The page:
of November 4, 2010. The petitioners also point out that it is only by way of an afterthought that the respondent has denied the existence of the arbitration agreement in a supplementary affidavit filed in course of the present proceedings though such stand is a departure from the stand originally taken in the respondent's principal affidavit. There are two reasons why the petitioners' second line of argument does not appeal. First, clauses (b) and (c) of Section 7 (4) of the Act operate as a corroboration of an arbitration agreement when there is no primary document recording the arbitration agreement. It is not the petitioners' case that an arbitration agreement came into being upon the petitioners asserting it and the respondent not denying it in course of the correspondence exchanged in September and November, 2010. The petitioners' case is that there was already an arbitration agreement between the parties and that the petitioners asserted such agreement which the respondent did not deny in the letter of November 4, 2010. Secondly, it is the following sub-section of Section 7 of the Act which is the more apposite in the context and the Supreme Court's interpretation of Section 7(5) of the Act in M. R. Engineers is a complete answer on such aspect. There is a more fundamental basis on which the petitioners' submission on the strength of Section 7(4) of the Act cannot be 13
accepted. If there is an arbitration agreement contained in a document signed by the parties, the requirement of Section 7(4) is complete and one need not progress to clauses (b) and (c) thereof. It is only if there is no document signed by the parties containing an arbitration agreement or the document is in dispute as to its physical existence would a party asserting an arbitration agreement need to fall back on the two further limbs of Section 7(4) of the Act. In the absence of a document signed by the parties containing the arbitration agreement, clauses (b) and (c) of Section 7(4) of the Act lay down the rules of evidence to construe whether there is an arbitration agreement between the parties. The petitioners' submission on such score by relying on Section 7(4) of the Act runs contrary to the case made out in the petition that the deed of conveyance incorporated the arbitration agreement contained in the first declaration by a reference therein to the first declaration.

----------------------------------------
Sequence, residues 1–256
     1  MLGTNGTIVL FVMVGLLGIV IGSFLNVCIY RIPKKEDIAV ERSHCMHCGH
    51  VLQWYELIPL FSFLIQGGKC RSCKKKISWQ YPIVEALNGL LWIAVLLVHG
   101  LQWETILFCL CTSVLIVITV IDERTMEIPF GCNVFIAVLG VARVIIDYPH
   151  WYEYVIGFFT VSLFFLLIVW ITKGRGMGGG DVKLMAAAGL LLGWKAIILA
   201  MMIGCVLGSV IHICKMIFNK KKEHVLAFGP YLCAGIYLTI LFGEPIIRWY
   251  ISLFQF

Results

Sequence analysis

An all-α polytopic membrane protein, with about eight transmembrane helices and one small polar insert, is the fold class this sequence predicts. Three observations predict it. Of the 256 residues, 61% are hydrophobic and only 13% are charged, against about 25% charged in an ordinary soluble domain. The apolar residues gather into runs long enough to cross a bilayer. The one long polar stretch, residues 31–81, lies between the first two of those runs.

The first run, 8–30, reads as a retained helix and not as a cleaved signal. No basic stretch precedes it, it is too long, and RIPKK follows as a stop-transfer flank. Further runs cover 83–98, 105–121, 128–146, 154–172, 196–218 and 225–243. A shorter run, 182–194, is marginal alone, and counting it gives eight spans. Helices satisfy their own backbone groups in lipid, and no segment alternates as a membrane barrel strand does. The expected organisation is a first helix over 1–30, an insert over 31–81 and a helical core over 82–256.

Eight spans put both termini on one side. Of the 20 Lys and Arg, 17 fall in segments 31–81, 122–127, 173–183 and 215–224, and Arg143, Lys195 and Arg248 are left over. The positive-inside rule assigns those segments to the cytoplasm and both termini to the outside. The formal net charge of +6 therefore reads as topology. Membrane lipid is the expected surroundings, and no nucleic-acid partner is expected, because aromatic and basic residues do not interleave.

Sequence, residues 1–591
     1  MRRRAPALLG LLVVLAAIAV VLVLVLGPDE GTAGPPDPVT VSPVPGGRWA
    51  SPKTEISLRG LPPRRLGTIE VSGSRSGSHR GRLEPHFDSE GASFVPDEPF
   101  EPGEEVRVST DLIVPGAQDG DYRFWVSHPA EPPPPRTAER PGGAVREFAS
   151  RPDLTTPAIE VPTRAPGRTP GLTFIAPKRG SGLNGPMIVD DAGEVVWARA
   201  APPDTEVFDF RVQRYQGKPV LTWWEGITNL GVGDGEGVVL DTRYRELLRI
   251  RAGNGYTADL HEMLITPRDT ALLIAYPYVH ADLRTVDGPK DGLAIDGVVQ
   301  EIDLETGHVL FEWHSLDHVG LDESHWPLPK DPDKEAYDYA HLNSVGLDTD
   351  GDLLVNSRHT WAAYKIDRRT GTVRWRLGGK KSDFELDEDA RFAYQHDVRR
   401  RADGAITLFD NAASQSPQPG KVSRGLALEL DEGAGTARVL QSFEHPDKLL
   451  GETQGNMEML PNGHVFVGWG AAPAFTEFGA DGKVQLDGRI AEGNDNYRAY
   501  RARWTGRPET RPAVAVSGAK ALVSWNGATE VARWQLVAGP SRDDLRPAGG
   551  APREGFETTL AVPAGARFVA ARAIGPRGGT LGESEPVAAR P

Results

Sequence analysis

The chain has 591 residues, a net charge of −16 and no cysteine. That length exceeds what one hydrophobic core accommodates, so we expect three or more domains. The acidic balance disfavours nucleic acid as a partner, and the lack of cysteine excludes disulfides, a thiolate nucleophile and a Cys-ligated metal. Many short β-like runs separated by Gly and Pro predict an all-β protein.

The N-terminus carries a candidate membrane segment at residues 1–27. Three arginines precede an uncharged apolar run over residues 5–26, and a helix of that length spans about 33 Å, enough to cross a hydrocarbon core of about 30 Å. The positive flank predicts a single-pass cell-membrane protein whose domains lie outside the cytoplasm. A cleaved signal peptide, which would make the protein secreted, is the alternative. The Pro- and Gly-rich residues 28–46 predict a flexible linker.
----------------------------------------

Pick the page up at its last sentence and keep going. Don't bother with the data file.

Since arbitration in its most rudimentary form is based on the consensus of the parties, it was possible for the court to conclude that the arbitration clause of the first declaration had been incorporated in the deed of conveyance if the respondent herein had not denied the existence thereof. It would have implied, that notwithstanding the arbitration clause in the first declaration not having been specifically 14
referred to in the deed of conveyance, the parties understood it to have been incorporated therein. But implicit in the respondent's denial - albeit belated - of the existence of the arbitration agreement is the respondent's assertion that there was a mistaken interpretation of the deed of conveyance in the respondent's letter dated November 4, 2010.
In view of the law governing the aspect that an arbitration agreement is not to be seen to have been incorporated in subsequent agreement unless specifically referred to, Clause 6.3 of the deed of conveyance cannot be read to have kept the arbitration agreement alive along with the commercial terms contained in the first declaration executed between the parties.
There does not appear to be any subsisting arbitration agreement between the parties. As a consequence, the present request under Section 11 of the 1996 Act cannot be entertained and A.P. No. 139 of 2011 is dismissed as not maintainable. In the light of it being found that the arbitration agreement contained in the first declaration was not incorporated in the deed of conveyance or made applicable thereto, no other aspect of the matter has been gone into and the parties are left to work out their remedies in accordance with law.
There will be no order as to costs.
Urgent certified photocopies of this order, if applied for, be supplied to the parties upon compliance with all requisite formalities. (SANJIB BANERJEE, J.)